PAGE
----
Monday, August 25, 2008

Saharan Hunter-Gatherers Unearthed

The media recently covered an archaeological discovery in Niger that caught my attention. In the middle of the Sahara desert, researchers found a hunter-gatherer burial site containing over 200 graves ranging from about 10,000 to 4,500 years old. During this period, the region was lush and productive.

There were two groups: the Kiffian, who were powerful hunters and fishermen, and the Tenerian, who were smaller pastoralists (herders) and fishermen.

Individuals at the Kiffian sites averaged over 6 feet tall, with some reaching 6' 8". They were powerfully muscled, and found with the remains of elephants, giraffes, pythons, giant perch and other large game.

Not that you have to be Conan the Barbarian to kill an elephant. Forest pygmies traditionally hunt elephants, and there's a picutre in Nutrition and Physical Degeneration to prove it. They use stealth, agility and an intimate knowledge of their prey to make up for their small size and primitive weapons.

Both the Kiffians and the Tenerians had excellent dental development and health. Take a look at some of the pictures. Those are the teeth of a wild Homo sapiens. Straight, free of decay and with plenty of room for the wisdom teeth. They must have had good dentists.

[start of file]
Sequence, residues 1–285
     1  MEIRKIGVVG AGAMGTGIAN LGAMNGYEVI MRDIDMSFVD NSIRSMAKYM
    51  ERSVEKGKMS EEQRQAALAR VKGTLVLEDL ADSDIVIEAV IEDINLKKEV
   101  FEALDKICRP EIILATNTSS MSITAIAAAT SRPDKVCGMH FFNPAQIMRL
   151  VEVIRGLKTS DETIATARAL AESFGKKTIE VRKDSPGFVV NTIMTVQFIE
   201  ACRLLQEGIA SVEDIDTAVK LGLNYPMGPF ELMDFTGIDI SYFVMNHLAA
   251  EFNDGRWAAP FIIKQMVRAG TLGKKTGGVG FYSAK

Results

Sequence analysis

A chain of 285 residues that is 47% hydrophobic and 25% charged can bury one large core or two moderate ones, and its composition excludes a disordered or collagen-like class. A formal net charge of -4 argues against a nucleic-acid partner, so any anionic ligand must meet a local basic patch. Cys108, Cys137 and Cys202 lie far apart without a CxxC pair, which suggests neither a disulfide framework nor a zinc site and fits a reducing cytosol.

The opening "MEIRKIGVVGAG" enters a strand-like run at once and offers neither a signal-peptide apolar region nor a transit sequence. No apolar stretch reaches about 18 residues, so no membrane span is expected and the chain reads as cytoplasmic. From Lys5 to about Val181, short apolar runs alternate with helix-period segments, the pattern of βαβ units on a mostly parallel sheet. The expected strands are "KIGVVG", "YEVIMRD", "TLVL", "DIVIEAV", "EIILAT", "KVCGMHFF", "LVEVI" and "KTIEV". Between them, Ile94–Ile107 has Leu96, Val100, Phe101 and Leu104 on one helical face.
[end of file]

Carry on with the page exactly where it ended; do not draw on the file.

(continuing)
Both cultures also showed a high level of intelligence and empathy. They were found with decorated pottery shards and their bodies were arranged in imaginative and empathetic ways. A man was buried sitting on a tortoise shell. A mother was buried with her two children. Here's the picture. I can't say it better than the LA Times:
Among the Tenerian graves was a heart-rending burial tableaux [SIC!!]: A young woman was lying on her side. Pollen under her body suggested that she was placed on a bed of flowers. Lying on their sides facing her were two young children, their fingers interlocked with hers, leaving a tangle of bones.
Haha, I couldn't let the spelling error slide, it should be 'tableau'. Hey, I'm half French, give me a break.